Guardianship and power of attorney, what’s the difference? Usually, we receive calls from individuals who are looking to get power of attorney over an elderly individual, such as a mother or grandmother. These elderly individuals are in need of assistance. Sometimes people call to try and claim power of attorney over children.
In some instances for elders, this can be accomplished. However, there comes a certain point where it is not possible to claim power of attorney over an elderly individual. As for children, it is not possible to claim power of attorney over them. In these cases which power of attorney is not possible, the other option is filing for guardianship. Let’s review what they mean.
Power of Attorney
Power of attorney, or letter of attorney, is a written authorization to represent or act on another’s behalf in private affairs, business, or some other legal matter. This document requires the signature of the individual granting the requester power of attorney. This is where the misconception is for some people. There’s a point in which the power of attorney is able to be signed by the individual in need of assistance, but if that point has been passed, it becomes impossible. In order for the power of attorney to be signed by the individual who is the subject matter of granting power of attorney to someone else, that individual has to have the capacity to understand what’s being signed and what the implications are. If the individual no longer has capacity to sign the power of attorney, the requester will need to file for guardianship.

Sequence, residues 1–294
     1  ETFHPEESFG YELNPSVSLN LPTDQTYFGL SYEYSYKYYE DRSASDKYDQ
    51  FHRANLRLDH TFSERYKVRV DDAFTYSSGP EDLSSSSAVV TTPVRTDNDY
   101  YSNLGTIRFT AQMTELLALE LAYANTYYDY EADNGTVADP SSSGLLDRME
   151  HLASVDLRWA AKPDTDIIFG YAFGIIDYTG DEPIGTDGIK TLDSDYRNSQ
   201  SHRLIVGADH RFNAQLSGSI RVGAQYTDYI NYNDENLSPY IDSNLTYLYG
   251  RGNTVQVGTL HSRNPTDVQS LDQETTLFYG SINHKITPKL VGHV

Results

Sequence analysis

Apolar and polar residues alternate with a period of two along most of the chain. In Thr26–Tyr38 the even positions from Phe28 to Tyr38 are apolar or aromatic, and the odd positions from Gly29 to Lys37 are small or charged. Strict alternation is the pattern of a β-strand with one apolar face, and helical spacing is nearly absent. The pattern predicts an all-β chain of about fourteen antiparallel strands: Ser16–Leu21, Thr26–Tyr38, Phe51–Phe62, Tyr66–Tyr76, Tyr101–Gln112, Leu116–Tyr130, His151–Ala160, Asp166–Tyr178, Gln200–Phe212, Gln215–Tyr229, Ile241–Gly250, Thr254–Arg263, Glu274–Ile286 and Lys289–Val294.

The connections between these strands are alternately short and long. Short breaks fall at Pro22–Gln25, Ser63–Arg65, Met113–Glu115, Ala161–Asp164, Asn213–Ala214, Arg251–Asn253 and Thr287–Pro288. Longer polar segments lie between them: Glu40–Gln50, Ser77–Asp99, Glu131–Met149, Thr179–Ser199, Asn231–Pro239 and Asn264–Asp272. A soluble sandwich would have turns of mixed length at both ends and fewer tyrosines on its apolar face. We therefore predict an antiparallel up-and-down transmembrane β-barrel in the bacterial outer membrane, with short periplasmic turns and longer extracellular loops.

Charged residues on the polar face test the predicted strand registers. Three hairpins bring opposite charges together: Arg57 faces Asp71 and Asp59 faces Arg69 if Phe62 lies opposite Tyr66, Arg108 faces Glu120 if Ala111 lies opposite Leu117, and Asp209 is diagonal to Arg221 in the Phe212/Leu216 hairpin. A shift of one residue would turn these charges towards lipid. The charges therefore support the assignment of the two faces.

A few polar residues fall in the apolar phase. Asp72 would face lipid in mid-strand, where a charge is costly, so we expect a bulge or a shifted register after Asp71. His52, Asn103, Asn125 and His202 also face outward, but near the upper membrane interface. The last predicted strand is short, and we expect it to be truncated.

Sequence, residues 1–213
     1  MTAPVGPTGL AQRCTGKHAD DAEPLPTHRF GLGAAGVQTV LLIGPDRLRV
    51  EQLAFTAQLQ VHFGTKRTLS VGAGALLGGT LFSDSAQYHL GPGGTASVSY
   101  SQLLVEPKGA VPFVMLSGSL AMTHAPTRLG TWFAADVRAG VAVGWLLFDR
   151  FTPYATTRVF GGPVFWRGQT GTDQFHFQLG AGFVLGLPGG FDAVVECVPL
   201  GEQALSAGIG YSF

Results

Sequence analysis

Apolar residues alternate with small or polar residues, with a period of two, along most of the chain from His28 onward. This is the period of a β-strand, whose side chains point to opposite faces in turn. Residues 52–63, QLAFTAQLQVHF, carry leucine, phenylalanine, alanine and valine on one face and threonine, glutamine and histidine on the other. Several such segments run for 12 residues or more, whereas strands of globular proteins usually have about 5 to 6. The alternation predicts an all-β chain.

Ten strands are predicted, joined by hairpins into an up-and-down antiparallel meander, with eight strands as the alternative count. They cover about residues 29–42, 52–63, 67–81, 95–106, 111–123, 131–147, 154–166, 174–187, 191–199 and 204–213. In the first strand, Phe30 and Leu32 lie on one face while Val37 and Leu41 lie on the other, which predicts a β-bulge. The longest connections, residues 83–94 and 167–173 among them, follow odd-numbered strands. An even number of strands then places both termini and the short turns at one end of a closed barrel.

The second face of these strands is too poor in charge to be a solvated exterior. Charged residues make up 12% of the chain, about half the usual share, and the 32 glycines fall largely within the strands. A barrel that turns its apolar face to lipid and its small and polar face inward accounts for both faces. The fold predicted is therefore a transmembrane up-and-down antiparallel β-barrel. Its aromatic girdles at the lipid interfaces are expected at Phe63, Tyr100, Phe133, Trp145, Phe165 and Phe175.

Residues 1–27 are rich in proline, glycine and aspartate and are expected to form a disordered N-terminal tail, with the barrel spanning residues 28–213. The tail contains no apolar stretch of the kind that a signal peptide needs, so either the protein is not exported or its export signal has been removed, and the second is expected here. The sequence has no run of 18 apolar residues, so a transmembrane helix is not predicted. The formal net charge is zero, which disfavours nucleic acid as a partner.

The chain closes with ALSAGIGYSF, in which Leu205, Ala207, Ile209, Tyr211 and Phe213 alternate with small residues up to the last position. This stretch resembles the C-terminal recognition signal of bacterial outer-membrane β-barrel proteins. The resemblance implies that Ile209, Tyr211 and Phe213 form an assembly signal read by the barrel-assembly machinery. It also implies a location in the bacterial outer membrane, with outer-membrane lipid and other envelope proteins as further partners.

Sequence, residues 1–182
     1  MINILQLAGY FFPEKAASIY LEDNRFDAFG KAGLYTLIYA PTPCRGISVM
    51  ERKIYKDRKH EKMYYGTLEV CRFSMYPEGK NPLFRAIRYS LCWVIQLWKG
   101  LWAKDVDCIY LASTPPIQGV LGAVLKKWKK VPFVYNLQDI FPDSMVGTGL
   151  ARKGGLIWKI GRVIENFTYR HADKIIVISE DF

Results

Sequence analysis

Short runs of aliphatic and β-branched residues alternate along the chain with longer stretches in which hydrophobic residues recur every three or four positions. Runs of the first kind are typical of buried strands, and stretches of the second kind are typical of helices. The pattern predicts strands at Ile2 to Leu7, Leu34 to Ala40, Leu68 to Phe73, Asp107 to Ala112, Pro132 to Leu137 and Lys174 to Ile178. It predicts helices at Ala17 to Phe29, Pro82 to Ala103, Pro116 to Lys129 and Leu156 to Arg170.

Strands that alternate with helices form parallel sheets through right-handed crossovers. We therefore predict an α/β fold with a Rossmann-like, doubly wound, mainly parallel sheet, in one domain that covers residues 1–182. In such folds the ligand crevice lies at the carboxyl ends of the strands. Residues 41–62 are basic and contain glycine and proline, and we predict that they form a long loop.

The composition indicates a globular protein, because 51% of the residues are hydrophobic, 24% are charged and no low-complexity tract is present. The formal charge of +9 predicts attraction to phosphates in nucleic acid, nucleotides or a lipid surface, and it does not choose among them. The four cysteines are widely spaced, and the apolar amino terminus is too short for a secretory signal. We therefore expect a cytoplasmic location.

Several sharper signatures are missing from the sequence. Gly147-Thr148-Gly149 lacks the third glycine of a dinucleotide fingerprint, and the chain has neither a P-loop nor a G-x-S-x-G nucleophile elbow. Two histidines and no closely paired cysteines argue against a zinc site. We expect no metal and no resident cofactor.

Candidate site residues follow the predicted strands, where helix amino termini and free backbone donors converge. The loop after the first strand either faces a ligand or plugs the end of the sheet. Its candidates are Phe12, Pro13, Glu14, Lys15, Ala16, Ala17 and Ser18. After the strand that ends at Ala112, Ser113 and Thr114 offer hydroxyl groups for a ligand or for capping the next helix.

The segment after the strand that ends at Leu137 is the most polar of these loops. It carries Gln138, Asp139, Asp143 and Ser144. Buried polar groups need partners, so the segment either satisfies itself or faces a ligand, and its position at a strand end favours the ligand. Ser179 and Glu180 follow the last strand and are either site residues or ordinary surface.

A guardianship is authorization granted by a court of law to appoint someone to look over the life of another person. This is done to assure that decisions are made in the best interest of the individual requiring guardianship. That means making important life decisions, such as where the person lives, what medicine the person is taking and more. This is the option to go toward when an individual is incapacitated to the point where they cannot be eligible to sign the letter of attorney. This is also an option for children. Of course, there are good reasons for that and not so good reasons, which we hope can get remedied.
To understand these differences, Darren Findling explains the interplay between the two, and teaches you the when you would use each one.